Recent rises in the oil and gas price worry some in the markets. Will they trigger more inflation? Will there be supply interruptions given the US wish to sanction Iran, given the troubles in Venezuela, and the growing hostility of the West towards Russia? We think there are stresses, but not ones which need become acute.
One of the reasons investors worry is the distribution of oil and gas reserves. A substantial proportion of the world’s output is concentrated in the Middle East where oil and gas fields are fought over in religious and civil wars, leading to instability in output and price. Saudi Arabia provides 13% of world oil output, with Iran and Iraq a further joint 10%. Iran supplies 6% of the world gas supply, with Qatar adding 5%. Between them they own 31% of the world’s known reserves of gas. Another large owner and producer is Russia, currently out of favour with the West for its recent conduct. Russia controls 17% of the world’s gas reserves and contributes 16% to world output, and holds 6% of the world’s oil reserves whilst accounting for 12% of world output. (2016 figures from BP Energy Review).
This distribution gives a greater prominence to Middle Eastern politics outside the region. The blockade of Qatar by Saudi and her allies is driving Qatar to closer links with Iran, the very opposite of what Saudi was hoping to achieve. The US is toughening its stance against Iran and seeking to make it more difficult for that country to trade with others. So far Iran has found markets for her crude oil. Russia has made clear it is a strong ally and trading partner of Iran, to help Iran retain access to countries that are not aligned with the US and Nato. Meanwhile, the US wishes to maintain its important Air Force base in Qatar and the West needs to rely on Qatari gas imports. Germany and other continental countries need to import substantial quantities of gas from Russia regardless of the wish of the West to express displeasure at Russian activities. Oil and gas lead to a mellowing of some of the actions and messages that the West might otherwise like to take.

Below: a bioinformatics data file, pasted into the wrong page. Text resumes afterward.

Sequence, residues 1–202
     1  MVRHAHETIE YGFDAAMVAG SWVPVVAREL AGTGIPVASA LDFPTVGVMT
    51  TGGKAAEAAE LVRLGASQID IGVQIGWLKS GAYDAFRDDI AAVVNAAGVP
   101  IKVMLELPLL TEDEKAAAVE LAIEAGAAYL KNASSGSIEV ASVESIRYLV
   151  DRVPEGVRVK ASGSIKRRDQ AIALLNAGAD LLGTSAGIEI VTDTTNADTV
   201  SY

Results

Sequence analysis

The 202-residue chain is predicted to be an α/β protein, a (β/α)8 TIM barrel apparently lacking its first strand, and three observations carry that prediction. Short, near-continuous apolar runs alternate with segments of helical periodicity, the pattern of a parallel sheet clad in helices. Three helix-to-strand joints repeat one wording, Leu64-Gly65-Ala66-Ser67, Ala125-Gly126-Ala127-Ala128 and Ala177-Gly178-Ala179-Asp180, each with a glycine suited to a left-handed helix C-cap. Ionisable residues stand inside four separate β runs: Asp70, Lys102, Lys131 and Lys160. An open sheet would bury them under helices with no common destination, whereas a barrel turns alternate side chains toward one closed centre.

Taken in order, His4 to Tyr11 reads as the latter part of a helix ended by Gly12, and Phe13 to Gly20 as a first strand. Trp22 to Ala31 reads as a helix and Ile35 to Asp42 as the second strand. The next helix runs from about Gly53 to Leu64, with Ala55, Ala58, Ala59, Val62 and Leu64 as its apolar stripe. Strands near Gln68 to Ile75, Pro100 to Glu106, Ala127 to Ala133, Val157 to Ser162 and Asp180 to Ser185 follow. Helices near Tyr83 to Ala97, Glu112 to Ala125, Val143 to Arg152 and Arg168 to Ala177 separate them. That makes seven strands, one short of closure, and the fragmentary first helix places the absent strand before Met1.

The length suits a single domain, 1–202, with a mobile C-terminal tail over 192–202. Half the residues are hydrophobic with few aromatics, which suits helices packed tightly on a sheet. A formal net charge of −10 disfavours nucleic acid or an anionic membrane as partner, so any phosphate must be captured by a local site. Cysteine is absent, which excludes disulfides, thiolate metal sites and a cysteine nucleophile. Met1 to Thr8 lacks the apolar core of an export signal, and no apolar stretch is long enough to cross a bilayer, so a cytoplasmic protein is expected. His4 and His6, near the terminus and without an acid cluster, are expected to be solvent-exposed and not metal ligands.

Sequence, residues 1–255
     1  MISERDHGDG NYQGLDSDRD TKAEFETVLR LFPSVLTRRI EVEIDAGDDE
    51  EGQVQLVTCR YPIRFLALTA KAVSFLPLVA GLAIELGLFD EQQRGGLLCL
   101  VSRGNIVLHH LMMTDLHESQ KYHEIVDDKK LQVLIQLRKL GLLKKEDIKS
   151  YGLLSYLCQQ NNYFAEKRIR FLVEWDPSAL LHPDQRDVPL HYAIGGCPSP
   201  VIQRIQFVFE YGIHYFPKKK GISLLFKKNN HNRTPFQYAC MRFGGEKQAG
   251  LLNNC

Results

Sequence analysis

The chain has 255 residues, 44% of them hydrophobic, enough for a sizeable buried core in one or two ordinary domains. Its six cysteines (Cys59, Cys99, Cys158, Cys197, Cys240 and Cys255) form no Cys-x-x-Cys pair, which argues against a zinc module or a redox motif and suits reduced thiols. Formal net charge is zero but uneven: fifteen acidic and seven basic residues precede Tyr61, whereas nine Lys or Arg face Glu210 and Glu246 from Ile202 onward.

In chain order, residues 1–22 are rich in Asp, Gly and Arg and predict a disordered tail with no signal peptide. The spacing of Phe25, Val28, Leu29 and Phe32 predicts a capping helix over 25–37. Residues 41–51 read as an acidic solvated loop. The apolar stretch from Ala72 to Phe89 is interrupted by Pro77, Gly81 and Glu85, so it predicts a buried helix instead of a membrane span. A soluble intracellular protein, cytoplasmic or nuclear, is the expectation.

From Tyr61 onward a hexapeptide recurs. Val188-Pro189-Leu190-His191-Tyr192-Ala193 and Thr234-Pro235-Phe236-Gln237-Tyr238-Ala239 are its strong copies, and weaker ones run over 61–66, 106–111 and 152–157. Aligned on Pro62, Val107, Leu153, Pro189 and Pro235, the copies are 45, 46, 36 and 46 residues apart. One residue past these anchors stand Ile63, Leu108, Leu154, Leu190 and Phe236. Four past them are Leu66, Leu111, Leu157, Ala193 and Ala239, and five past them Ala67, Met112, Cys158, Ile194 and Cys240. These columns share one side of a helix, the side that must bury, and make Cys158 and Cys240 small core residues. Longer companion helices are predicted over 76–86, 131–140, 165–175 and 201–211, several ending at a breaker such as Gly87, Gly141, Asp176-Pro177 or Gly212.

So far, world industry and consumers have benefitted from gas and oil prices that have remained well below the peak levels they reached in 2008 before the crash and in 2010-11 after it. The hit to demand caused by the great Western recession of 2008-10 assisted, but the surge in US output this decade has been a larger influence. The US now accounts for more than 13% of world oil output, putting it alongside Saudi Arabia as a big producer, despite having only 3% of the known world reserves. The US also now delivers 21% of world gas output from a little under 5% of the world’s reserves. The US looks after her own large home market for gas, and delivers good value energy to business and homes. Brent crude which hit prices of $125 a barrel in 2010 currently trades at around $76. Gas which sold for more than $10 per million btu in 2013 is today around $7, having been down to $4.
The world can live with current energy prices. There will be a bit of inflation as the recently higher oil and gas prices work their way through the western figures, but these are numbers we know the world economy can handle. They are also numbers which help to create a bit more stability in the demand/supply balance, as at this level it is worthwhile for the US and other like-minded producers to invest in new wells and to pump more oil and gas. We are going to continue to live in a world where the advanced countries pump a much larger proportion of their known reserves than some of the large owners.
Venezuela provides an extreme example of this. She owns the largest national oil reserve in the world yet struggles to produce sufficient oil. This poor small country should be rich. It has six times more oil in the ground than the US, yet only manages to pump and sell one eighth of what the US produces. Venezuela also has large gas reserves. It is a reminder how bad governments can deter investment and fail to exploit important natural resources properly.
We will continue to watch Middle Eastern rivalries and wars, as they do have scope to damage world energy output and hike prices. So far, Opec has contributed to a managed tightening of the oil market, without causing major disruption. The main participants in the wars need their oil and gas revenues to pay for their conflicts, and the West is usually willing to see Middle Western oil and gas find its way to market somewhere, whatever the pattern of sanctions and alliances. At these price levels most oil majors can make good profits, service their debts and pay decent dividends, whilst having sufficient investment money to make incremental additions to world output.
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